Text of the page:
Malcolm Fraser argues that Australia should pursue an independent foreign policy so that it does not get dragged into unwanted wars between, for example, China and Japan. I found this discussion (with Robert Manne) fascinating. US military installations at Pine Gap and in Darwin are portrayed as a chain around our neck. ANZUS ineffective. And finally a return to the “populate or perish” ideas of 1945. Now we would need a population of 45 million to be a viable independent country. Fascinating discussion. (438)
Nearly 1/5th of Chinese agricultural land is toxic. Forget about measured economic growth targets – this is a madness. (667)
Non-academics Andrew Norton and David Kemp recommend privatisation of the university system with subsidies paid to private as well as government suppliers. Universities don’t only supply private goods so I am unclear of the motivation here though libertarian thrill seekers will get a jolt of blood through their arteries when they read this proposal. Of course the profit-motive may not drive good outcomes if students cannot easily assess the quality of a supplier and an asymmetric information externality (AEI) arises. That’s typically the case and indeed the rationale for education – people come to learn because they are otherwise ignorant. The AEI is built into the idea of an education – the idea that there are teachers and those taught with the teachers assessing a field and informing those interested in but otherwise ignorant of that field. That’s why academics not K-mart dog food salespeople (or propagandists from the Liberal Party) should manage university programs. If asymmetric information issues are ignored then “lemons” problems emerge and universities enjoy a competitive race to the bottom that will maximise profitable output at the expense of any semblance of quality.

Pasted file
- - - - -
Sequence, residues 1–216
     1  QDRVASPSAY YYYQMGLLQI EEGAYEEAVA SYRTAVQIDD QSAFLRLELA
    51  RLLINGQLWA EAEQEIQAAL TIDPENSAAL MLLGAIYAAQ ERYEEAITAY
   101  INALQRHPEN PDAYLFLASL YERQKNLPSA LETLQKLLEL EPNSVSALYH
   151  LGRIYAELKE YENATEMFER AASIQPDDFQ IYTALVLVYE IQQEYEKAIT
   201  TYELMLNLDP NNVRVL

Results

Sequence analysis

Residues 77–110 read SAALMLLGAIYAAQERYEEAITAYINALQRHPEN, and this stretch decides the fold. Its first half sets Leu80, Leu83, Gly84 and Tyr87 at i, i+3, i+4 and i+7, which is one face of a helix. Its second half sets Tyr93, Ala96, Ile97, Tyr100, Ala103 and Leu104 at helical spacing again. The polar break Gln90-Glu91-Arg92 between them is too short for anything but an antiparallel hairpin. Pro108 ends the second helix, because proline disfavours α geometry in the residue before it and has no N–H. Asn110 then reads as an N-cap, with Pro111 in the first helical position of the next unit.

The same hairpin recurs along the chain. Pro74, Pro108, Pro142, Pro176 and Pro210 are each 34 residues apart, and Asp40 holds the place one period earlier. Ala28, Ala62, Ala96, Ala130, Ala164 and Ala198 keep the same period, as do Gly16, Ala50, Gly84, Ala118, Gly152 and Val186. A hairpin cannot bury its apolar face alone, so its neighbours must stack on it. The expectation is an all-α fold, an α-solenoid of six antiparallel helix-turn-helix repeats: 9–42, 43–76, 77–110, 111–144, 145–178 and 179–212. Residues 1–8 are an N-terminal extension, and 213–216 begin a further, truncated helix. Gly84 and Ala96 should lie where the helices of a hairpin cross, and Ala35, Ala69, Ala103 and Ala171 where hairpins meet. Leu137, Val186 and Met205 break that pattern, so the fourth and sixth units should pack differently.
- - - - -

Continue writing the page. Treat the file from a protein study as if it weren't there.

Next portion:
On the other hand the mock entrepreneurs who dominate the current university system and who rattle on about KPIs and market-determined outcomes are so awful and incompetent that I doubt full privatisation would do much worse in terms of delivering bad outcomes. Maybe quality dog food salespeople will outperform the current pretenders who couldn’t organise a riot! The latter cretinous lot have already substantially damaged the Australian universities so, from here on in, further damage may add little to social costs. When the river is full of shit an extra defecation or two adds little to social cost.
The meaning of an employment redundancy is, I assume, that a position is either no longer required or if an employer is bankrupt. I’ll ignore the second possible reason for “redundancy”.
I assume that a “redundancy” does not arise if a worker on a high salary is replaced by one on a lower salary and the previous work activities continue since, in this case, the position is still required. It is only that it is now being argued that the work can be carried out more cheaply by a less costly worker – for example, by employing a casual or on a lower salary.
Does anyone know if there are laws limiting redundancies from occurring in this latter situation?
This thoughtful piece in the Economist examines the prospects for technological unemployment and a continuation of the trend by which income gains go to owners of capital. Economists have conventionally rejected this idea but recent trends in developed countries – the failure of US wages to grow for 4 decades – suggest that economic theory needs to consider some of the secular unemplyment possibilities considered by Keynes.This signals to me a case for increased investment in education, a redistribution of ownership claims on capital, a much more comprehensive social welfare system that offers a guaranteed minimum wage and shorter working hours for the workers who do choose to work and earlier retirement ages. Society should not be worse off as improved technological options become available. (2135)
SM is to join the University of Melbourne as an instructor in politics – the practicalities of public policy. I’d like to write something smart-arsed and cutting about this appointment but I am lost for words. ”Disgraceful” will do. (900)